Putting the clocks back could help to prevent illnesses such as obesity or diabetes

Putting the clocks back could help to prevent illnesses such as obesity or diabetes

According to Doctor Gonzalo Pin, of Hospital Quirónsalud Valencia, it could also help reduce road and work accidents

The time change that happened on October 29th, means that we have gained an hour in the morning, which has various benefits for our health according to experts at Quirónsalud Torrevieja and Valencia, says Doctor Gonzalo Pin, the chief of Paediatrics and the Sleep Unit at Hospital Quirónsalud Valencia.

Thanks to this new timetable, the sun will rise an hour earlier than before which is more in sync with people’s body clocks, helping us to have an easier and smoother start to the day, from a physiological point of view. It will also mean our eating and sleeping timetables are earlier, making it more likely for People to go to bed sooner and therefore sleep more hours. Eating earlier can help to reduce obesity and type 2 diabetes, and sleeping for longer is likely to reduce the number of work and road accidents, since a lot of them are related to sleep deprivation.

A disadvantage of this new timetable, that means we are more in time with the sun, according to the specialist, is the loss of an hour of light in the afternoons “but it is only those months which have more hours of sunlight, from the end of March to the end of October”.

Because of the many advantages this timetable has, doctor Pin would advise sticking to it all year round, “we don’t just change our clocks, but our lifestyle, and in consequence, our health”.

Advice for a refreshing sleep

Doctor Esteban de Vicente, Neurophysiological specialist at the Sleep Unit in Hospital Quirónsalud Torrevieja, says that to have a refreshing sleep it is useful to follow a couple of simple strategies for good sleep hygiene. Here are some practical tips:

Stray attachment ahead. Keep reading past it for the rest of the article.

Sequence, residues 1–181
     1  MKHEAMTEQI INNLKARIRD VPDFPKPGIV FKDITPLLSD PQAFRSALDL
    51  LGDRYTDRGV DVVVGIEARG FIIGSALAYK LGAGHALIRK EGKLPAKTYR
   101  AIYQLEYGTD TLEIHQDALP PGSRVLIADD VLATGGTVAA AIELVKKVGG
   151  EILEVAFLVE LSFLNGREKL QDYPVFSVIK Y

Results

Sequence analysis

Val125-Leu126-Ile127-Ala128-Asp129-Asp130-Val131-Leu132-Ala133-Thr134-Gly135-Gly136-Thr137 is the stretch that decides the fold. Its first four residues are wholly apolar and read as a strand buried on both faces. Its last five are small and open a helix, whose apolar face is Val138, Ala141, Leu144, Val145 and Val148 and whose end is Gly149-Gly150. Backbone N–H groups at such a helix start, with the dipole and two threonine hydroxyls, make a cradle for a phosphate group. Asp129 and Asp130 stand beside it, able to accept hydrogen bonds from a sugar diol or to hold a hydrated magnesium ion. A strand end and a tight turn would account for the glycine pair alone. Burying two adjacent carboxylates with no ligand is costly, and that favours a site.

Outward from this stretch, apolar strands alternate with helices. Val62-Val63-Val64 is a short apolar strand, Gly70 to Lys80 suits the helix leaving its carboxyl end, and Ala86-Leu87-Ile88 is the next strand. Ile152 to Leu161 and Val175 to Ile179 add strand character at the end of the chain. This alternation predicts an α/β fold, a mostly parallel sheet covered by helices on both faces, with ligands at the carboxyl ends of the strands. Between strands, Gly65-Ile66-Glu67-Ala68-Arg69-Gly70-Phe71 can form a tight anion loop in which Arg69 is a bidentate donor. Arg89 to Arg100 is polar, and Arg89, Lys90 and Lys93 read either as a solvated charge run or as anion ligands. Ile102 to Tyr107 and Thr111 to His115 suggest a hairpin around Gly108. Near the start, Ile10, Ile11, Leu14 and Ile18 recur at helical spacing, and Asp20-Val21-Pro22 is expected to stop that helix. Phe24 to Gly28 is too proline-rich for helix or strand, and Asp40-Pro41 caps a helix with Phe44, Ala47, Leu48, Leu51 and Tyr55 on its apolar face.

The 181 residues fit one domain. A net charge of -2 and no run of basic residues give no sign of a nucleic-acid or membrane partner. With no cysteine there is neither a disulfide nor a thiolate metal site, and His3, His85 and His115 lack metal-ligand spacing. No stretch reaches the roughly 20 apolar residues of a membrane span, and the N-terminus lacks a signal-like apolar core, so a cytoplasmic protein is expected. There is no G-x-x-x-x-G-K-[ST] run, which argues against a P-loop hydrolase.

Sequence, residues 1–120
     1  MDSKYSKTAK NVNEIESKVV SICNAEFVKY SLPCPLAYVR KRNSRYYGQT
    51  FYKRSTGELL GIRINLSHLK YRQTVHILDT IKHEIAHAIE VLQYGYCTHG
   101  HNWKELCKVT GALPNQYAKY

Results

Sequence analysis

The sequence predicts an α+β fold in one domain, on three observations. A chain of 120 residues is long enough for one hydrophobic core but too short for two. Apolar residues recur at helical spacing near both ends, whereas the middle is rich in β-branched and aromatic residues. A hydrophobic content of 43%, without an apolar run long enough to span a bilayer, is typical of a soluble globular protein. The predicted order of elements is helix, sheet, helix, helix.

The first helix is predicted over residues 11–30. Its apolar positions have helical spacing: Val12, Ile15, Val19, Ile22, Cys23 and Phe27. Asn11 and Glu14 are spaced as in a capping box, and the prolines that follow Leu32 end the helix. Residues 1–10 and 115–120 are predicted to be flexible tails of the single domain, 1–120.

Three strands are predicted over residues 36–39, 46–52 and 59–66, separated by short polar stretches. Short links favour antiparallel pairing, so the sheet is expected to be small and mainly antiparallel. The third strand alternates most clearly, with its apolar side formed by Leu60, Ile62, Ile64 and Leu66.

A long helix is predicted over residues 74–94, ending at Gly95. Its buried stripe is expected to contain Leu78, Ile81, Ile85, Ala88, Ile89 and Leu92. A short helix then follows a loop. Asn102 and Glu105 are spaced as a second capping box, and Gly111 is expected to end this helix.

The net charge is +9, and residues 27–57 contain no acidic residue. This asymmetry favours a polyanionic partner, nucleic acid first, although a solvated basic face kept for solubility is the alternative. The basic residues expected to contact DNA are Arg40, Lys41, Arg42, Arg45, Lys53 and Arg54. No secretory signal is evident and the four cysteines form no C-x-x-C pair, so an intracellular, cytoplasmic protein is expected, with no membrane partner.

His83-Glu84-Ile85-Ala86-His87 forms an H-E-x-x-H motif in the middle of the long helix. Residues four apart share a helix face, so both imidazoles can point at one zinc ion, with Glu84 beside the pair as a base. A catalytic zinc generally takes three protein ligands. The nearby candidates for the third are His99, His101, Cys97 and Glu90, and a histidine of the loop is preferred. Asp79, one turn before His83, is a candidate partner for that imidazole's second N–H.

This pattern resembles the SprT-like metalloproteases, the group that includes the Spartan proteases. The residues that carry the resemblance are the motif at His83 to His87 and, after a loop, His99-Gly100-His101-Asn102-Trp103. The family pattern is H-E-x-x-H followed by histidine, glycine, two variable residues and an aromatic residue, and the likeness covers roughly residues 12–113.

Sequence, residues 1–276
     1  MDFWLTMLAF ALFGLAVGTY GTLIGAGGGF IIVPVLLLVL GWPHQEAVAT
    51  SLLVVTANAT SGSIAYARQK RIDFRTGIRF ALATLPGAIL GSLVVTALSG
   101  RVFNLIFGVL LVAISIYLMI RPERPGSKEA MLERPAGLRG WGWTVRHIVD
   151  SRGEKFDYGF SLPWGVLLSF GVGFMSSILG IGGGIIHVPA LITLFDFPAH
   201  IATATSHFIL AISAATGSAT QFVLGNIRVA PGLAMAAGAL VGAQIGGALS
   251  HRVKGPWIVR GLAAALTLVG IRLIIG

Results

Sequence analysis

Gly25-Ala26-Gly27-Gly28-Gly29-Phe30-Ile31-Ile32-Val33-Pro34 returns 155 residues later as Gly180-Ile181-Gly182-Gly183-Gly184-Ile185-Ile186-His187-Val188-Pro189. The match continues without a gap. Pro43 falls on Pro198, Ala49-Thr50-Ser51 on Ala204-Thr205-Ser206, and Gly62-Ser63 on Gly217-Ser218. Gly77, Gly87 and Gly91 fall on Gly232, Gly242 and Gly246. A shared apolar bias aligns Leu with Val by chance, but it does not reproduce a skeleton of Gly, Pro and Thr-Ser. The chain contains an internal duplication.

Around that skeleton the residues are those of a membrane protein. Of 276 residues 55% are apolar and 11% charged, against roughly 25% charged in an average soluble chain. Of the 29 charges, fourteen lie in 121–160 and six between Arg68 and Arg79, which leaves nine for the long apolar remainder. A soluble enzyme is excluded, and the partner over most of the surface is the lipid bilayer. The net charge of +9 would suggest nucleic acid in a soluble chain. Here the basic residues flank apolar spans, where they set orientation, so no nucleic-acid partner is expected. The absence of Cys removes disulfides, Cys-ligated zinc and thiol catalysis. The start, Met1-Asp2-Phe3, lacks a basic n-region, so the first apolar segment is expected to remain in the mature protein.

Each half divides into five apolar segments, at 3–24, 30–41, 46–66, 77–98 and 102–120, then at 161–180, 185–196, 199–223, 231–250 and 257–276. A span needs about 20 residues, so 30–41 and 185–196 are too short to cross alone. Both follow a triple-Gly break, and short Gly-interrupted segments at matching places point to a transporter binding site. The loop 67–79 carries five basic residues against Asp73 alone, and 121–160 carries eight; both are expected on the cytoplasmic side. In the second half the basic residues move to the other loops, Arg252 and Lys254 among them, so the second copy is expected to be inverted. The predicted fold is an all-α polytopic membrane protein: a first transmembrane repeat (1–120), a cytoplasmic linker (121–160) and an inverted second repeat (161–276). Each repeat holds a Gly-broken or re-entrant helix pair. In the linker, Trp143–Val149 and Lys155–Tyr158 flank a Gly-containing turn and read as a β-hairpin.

Ensure regular sleep habits: with a regular sleep timetable, we shouldn’t have a siesta for longer than 20 minutes, otherwise it will alter our rest at night and we will only wake up a maximum of 1 hour later in the morning, even after falling asleep later than normal.

Correct breathing: with a simple exercise it is easy to achieve. You should lay on your back, in a comfortable position, close your eyes and relax your muscles, breath in calmly three times, and after, hold your breath. It is important to not hold nor force your breathing, and to repeat the cycle six to eight times.

Appropriate diet: it is very important to eat a balanced diet, and to keep hydrated. You shouldn’t smoke close to bed time, and after midday your coffee, tea, chocolate and soft drink intake should decrease. Go to bed an hour and a half after a normal- sized evening meal, and at least two hours after if it was a large meal. Your meal in the evenings should be light, with not many fats or calories. It should contain vegetables (rich in tryptophan, an essential amino acid with specific effects on feed consumption, and which initiates serotonin and melatonin), proteins and dairy. Avoid sweet, sugary foods, and moderate your alcohol consumption. Your evening meal should be light, but you should not be hungry afterwards.

Prepare your surroundings: your room should be at a temperature of about 20-22ºC. Use a firm mattress, with clean and breathable sheets, and avoid drafts of air while you are sleeping. If noise bothers you, use ear plugs.   

Finally, having a hot shower to help you to relax and prepare for sleep, and using comfortable cotton clothes, are also tips for us wake up refreshed in the morning.

About Quirónsalud

Quirónsalud is the most important hospital group in Spain, and the third largest in Europe. It can be found in 13 autonomous communities in Spain, has state-of-the-art technology and offers over 6,200 beds in more than 100 healthcare centres, such as Fundación Jiménez Díaz, Hospital Universitario Quirónsalud Madrid, Hospital Universitario Dexeus, Ruber, Centro Médico Teknon, Hospital La Luz, Policlínica de Guipúzcoa, Hospital Quirónsalud Valencia, etc., as well as a huge team of highly qualified professionals of international prestige.

We promote teaching (seven of our centres are university hospitals) and medical and scientific research (we run the FJD [Spanish acronym, Jiménez Díaz Foundation] Instituto de Investigación Sanitaria [Healthcare Research Institute], the only private research centre licensed by the Secretaría de Estado de Investigación, Desarrollo e Innovación [Ministry for Research, Development and Innovation]).

 Likewise, our healthcare service is organised in units and crosscutting networks that allow for the optimisation of accumulated experience at difference centres, and the clinical application of our research. Currently, Quirónsalud is developing many research projects across Spain, and many of its healthcare centres carry out cutting edge work in this field, as pioneers in different specialisations such as radiology, cardiology, endocrinology, gynaecology, neurology, oncology and sports medicine, among others.